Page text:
A few minutes ago, I was skulking around my Dashboard page on Blogger and I saw that my friend Ezra had made a post with a very interesting title: Censorship of Huckleberry Finn.
I started to type a comment at the bottom of her post, but then I realized that I had a lot to say about this. So I'm moving here and I hope that she'll see it (I'm pretty sure she will).
First of all, on the subject of banning books. I don't agree with this practice. I once read an article about something similar. Perhaps you've heard about this too. This woman's eleven-year-old daughter was reading this book with her classmates. Soon after they started reading, she began to have nightmares regarding this book. Her mother goes to the school board and tells them that this book is inappropriate for her child and for the other children in that class. First of all, who is she to say what the other kids in the class can handle? Yes, the fact that twenty-four people between the ages of twelve and eighteen are supposed to kill each other is disturbing and inappropriate, but that's the point of the book. Katniss and the others see how disturbing this practice is and that's why they begin to plot against the Capitol so that this madness can stop and the Capitol won't have complete reign over the twelve districts of Panem. Suzanne Collins meant for her audience to experience feelings like this; shock at what the people in the Hunger Games are having to go through, disturbance, etc.
Just to stir up some sort of reaction to this, don't you think that this is a good thing that this woman's daughter reacted the way she did? Nightmares aren't fun, we know this. But the fact that she had this strong of a reaction to this book shows that she isn't desensitized and a lot of people aren't desensitized about this either. I'm sure there were plenty of hearts pounding while reading this book, because it was powerful.
Returning to the general subject of banning books...
My personal belief is that if you have a problem or some sort of hang-up with a particular book, that should just mean that you don't have to read it or finish it. If you're bothered by excessive swearing or sex scenes of all types or different ideologies, you don't have to read it. No one is making you. If you're reading a book for school or for class that you're offended by, you should ask your teacher about the reasons for picking this book or asking if there is an alternative. Just because you don't like the book for whatever reason doesn't mean you should keep other people from being able to read that book. You don't know those other children. They have had different experiences than you and they can handle things better than you [or your kids].
On that note, I'm thinking about that poor little eleven-year-old girl... what if the kids start making fun of her for being afraid of certain things in The Hunger Games? What if they start attacking her because her mother spoke up and demanded that the book should be banned? I feel bad for that girl... kids are cruel, especially to each other...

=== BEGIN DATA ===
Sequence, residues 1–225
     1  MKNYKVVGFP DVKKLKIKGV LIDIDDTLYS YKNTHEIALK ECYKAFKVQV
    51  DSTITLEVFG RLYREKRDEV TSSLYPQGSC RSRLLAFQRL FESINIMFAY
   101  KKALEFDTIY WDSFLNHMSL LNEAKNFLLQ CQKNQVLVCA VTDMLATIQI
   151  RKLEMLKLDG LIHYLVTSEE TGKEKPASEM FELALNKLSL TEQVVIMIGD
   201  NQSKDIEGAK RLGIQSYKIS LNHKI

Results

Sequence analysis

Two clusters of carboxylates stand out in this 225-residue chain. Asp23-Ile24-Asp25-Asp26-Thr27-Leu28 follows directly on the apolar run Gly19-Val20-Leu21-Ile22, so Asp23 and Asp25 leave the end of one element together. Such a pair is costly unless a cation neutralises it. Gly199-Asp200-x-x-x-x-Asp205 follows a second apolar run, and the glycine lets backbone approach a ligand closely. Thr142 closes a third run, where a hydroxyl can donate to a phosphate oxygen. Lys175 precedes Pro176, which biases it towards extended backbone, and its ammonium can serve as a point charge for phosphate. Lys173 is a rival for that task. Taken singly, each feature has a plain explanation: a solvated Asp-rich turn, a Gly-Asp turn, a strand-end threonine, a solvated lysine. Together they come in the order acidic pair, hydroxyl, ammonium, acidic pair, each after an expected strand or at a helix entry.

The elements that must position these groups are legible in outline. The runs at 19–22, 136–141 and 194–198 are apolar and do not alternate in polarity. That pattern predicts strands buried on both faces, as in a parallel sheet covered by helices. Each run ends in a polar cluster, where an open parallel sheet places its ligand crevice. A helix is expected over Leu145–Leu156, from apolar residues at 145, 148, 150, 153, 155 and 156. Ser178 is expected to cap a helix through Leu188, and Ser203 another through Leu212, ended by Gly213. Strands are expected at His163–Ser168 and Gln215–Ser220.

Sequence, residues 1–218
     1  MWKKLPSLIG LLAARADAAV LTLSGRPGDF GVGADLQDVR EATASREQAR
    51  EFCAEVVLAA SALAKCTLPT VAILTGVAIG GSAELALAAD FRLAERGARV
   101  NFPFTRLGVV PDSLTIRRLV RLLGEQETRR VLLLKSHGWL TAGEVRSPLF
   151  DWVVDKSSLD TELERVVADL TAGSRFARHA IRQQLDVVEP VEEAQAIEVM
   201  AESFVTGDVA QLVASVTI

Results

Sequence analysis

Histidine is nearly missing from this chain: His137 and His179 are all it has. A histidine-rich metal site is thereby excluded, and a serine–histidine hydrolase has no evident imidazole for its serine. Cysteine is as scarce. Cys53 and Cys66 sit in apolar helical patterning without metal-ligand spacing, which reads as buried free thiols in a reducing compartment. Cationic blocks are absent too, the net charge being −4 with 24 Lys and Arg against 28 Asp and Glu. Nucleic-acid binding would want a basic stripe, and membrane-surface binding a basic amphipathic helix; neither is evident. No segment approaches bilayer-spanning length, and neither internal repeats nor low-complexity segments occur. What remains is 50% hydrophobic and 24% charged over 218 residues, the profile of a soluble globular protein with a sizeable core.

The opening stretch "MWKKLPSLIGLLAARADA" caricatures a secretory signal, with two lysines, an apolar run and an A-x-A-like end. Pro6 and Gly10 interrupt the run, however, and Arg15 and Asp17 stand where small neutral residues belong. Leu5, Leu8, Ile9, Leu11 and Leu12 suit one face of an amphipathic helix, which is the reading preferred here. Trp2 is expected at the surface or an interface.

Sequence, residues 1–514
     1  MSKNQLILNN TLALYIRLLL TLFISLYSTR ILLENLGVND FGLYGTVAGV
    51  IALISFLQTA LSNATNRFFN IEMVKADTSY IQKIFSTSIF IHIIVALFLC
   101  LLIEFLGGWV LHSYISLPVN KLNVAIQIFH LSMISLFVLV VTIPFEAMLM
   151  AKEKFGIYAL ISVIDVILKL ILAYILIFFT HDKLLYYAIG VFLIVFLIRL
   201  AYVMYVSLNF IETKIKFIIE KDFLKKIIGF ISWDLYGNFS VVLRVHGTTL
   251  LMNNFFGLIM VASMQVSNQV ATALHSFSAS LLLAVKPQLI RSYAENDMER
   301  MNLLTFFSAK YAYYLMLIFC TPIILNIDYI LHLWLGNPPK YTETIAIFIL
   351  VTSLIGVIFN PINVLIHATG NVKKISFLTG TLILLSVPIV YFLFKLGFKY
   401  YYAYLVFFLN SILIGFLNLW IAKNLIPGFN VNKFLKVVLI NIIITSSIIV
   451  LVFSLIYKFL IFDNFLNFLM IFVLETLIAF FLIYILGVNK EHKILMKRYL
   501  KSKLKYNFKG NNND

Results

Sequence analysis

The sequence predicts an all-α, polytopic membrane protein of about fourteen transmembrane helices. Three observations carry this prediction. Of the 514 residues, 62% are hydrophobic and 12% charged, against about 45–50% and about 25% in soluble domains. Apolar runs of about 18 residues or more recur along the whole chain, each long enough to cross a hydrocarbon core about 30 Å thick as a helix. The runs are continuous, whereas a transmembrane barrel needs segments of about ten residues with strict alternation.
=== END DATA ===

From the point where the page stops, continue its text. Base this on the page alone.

Back to what Ezra was talking about though...
The article she was referring to said that Huckleberry Finn was being banned because of the excessive use of the "N" word (a total of 219 times, according to that article).
This probably doesn't sound very good coming from a white girl, but I don't believe that they should have done that. Huck Finn is set in the Southern United States, where slavery was legal until 1865 when the 13th Amendment was passed on January 31. Before and even after that time, people used the "N" word. by taking out this word, you are removing a certain amount of authenticity, which doesn't seem quite right to me. By taking this word out, you are denying that there was a certain hatred towards a very celebrated group of people. Without that word, you are cutting the intensity of this hatred that many people felt and future generations-- my children, my children's children-- aren't going to know just what it was like to live in a society that was once this way. Words are powerful weapons are now you're just going to say that this never happened? I'm interested in seeing what the replacement word is...
Now I defend my integrity...
I do not believe that it is ever okay to use the "N" word or any of it's variations. It's offensive and just plain cruel. I'm always confused when I hear someone who is African American say those words. It hurts me, even as a Caucasian. It's like saying "That's so gay" or "retarded" as a synonym for stupid or dumb or something along the lines of that. It's not okay and it never will be, because every time you say that, you're offending someone out there, whether they hear you say it or not. I do not say these words or phrases. Not even when I read them somewhere.
One of my favorite holidays is Banned Books Week (September 25 to October 2). Okay, so it's not a calendar-recognized holiday, but it definitely should be. This week celebrates our freedom to read what we will, so banned or challenged are showcased and celebrated.
Some of my favorite banned/challenged books:
Forever-- Judy Blume (excessive sex scenes)
The Bermudez Triangle-- Maureen Johnson (Gay/Lesbian themes)
Jane Eyre-- Charlotte Bronte (I never found out just why this book was challenged or banned)
And of course there are others...
Hoo... Okay, so even though this was a really long and passionate speech up there, this was still a lot of fun. I think I need to respond to articles more often. I won't make it a weekly thing, but whenever a really interesting article comes up on the internet or in the newspaper.
Thank you so much for reading! Also, I'd love to hear your thoughts on anything mentioned above. Thank you Ezra (<--Clicky, clicky!) for bringing this to my attention, I don't think I would have posted otherwise :) If you haven't checked out Ezra's blog, I highly suggest that you do. She's a fun person and she talks about the most interesting things!